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How can I calculate the strain in a simply supported beam from having the maximum bending moment (25kNm) and the maximum bending stress (45MPa)?

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  • $\begingroup$ This looks like a homework question. In order for such questions to be within the scope of this site, we ask that you show some of your own work and describe where exactly you're having trouble. $\endgroup$ – Wasabi Oct 24 '15 at 20:24
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From Wikipedia's page on Euler-Bernoulli Beam Theory: $$ \sigma_x = -zE\cfrac{\mathrm{d}^2w}{\mathrm{d}x^2}\,,~~ M = -EI\cfrac{\mathrm{d}^2w}{\mathrm{d}x^2} \,,~~ \varepsilon_{x} = -z\cfrac{\mathrm{d}^2w}{\mathrm{d}x^2} \,. $$ Therefore, $$ \sigma_x = E\,\varepsilon_x ~,~~ M = \frac{EI}{z}\,\varepsilon_x \,. $$ You can eliminate the ratio $$ \frac{I}{z} = \frac{M}{\sigma_x} \,. $$ But you will still need to know $E$ to find the strain.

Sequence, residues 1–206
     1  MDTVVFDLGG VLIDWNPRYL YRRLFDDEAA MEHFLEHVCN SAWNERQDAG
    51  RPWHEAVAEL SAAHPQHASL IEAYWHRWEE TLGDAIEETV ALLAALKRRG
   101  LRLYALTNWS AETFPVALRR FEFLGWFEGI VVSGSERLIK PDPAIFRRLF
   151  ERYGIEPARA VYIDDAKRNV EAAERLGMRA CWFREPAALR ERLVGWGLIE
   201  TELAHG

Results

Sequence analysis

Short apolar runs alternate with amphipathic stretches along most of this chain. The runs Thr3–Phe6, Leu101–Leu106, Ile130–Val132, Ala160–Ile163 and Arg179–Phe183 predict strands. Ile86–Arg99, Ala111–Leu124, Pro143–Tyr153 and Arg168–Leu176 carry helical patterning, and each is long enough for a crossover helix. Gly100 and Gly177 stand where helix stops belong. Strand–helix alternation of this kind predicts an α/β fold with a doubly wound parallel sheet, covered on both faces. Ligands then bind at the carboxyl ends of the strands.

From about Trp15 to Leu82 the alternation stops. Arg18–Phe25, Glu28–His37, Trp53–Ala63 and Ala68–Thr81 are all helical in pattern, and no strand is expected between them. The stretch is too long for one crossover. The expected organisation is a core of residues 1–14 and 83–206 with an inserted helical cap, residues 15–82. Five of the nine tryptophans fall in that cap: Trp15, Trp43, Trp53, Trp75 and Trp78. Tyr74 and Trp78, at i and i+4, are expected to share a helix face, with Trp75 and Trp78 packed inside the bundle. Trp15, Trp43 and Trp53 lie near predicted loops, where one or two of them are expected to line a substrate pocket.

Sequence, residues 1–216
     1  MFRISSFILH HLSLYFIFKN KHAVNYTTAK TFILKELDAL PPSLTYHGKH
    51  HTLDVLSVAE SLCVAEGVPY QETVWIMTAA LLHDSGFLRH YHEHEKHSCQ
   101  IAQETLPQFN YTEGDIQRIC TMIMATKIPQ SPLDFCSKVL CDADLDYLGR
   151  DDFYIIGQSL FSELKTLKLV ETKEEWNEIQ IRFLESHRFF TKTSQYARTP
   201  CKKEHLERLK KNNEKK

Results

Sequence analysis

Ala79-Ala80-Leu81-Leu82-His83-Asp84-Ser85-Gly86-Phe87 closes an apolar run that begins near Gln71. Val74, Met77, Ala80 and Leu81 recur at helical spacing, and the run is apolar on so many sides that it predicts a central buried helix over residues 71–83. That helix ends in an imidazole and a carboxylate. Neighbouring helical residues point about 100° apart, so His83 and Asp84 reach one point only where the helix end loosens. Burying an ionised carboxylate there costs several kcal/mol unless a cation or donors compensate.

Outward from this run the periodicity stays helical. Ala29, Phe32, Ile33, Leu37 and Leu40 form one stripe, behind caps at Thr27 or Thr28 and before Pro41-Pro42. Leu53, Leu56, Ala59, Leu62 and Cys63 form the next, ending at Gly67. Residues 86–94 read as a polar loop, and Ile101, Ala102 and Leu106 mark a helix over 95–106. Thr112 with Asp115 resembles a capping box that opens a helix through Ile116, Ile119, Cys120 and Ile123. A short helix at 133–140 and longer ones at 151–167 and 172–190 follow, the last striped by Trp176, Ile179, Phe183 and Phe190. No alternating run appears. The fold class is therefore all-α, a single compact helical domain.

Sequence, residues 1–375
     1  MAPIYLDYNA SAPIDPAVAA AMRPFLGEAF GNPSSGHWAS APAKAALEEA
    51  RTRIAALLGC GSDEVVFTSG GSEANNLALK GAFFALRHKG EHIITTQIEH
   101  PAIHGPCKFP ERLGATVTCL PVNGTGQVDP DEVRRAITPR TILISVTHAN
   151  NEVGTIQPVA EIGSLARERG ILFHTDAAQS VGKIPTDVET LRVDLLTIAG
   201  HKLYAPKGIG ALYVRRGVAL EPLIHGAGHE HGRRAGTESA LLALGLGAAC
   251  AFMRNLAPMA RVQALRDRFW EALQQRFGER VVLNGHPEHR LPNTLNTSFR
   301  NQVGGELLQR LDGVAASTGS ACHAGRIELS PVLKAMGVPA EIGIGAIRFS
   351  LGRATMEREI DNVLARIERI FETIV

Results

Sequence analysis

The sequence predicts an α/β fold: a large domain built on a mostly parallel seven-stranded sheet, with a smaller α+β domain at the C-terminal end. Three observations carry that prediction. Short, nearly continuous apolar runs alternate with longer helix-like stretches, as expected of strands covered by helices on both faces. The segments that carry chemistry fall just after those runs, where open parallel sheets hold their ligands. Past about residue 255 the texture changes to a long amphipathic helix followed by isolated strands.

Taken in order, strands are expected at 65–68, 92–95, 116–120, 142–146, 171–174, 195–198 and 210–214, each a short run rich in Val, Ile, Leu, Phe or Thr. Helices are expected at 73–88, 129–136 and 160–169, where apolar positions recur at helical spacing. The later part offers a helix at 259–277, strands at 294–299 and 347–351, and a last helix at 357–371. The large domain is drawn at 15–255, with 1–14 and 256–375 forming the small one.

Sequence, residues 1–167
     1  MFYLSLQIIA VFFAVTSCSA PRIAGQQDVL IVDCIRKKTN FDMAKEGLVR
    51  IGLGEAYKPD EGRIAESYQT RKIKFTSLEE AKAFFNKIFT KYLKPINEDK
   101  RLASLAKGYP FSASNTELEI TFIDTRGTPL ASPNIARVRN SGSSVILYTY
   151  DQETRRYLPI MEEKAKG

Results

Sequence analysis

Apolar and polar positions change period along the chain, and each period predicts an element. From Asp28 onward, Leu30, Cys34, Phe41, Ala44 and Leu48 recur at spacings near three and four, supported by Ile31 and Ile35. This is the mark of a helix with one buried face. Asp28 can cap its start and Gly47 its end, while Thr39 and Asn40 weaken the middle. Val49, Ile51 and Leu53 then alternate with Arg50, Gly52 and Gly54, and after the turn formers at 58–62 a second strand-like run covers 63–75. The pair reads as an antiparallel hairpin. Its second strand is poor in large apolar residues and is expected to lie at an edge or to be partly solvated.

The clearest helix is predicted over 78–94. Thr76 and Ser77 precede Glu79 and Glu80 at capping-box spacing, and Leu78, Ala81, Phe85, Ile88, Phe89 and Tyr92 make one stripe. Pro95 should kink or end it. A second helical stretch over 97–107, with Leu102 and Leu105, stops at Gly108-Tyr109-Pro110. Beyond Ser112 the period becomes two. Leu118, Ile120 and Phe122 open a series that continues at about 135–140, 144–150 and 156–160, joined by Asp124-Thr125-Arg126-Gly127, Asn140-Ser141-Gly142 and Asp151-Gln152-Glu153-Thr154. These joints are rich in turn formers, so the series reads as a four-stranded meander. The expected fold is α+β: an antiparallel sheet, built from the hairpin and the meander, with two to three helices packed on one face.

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  • $\begingroup$ Thats the problem. I have to calculate the Modulus Elasticity and I am only given the Maximum Bending Moment and Maximum Bending Stress. It seems like the question is impossible to solve. $\endgroup$ – Dhatsah Oct 24 '15 at 20:17
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    $\begingroup$ Strain is a material-dependent property. It is impossible to solve without the modulus of elasticity. $\endgroup$ – Wasabi Oct 24 '15 at 20:26
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    $\begingroup$ The equation above assumes that the response to load remains within the elastic zone. The problem, as described, does not even permit this assumption to be validated. $\endgroup$ – AsymLabs Oct 26 '15 at 11:48

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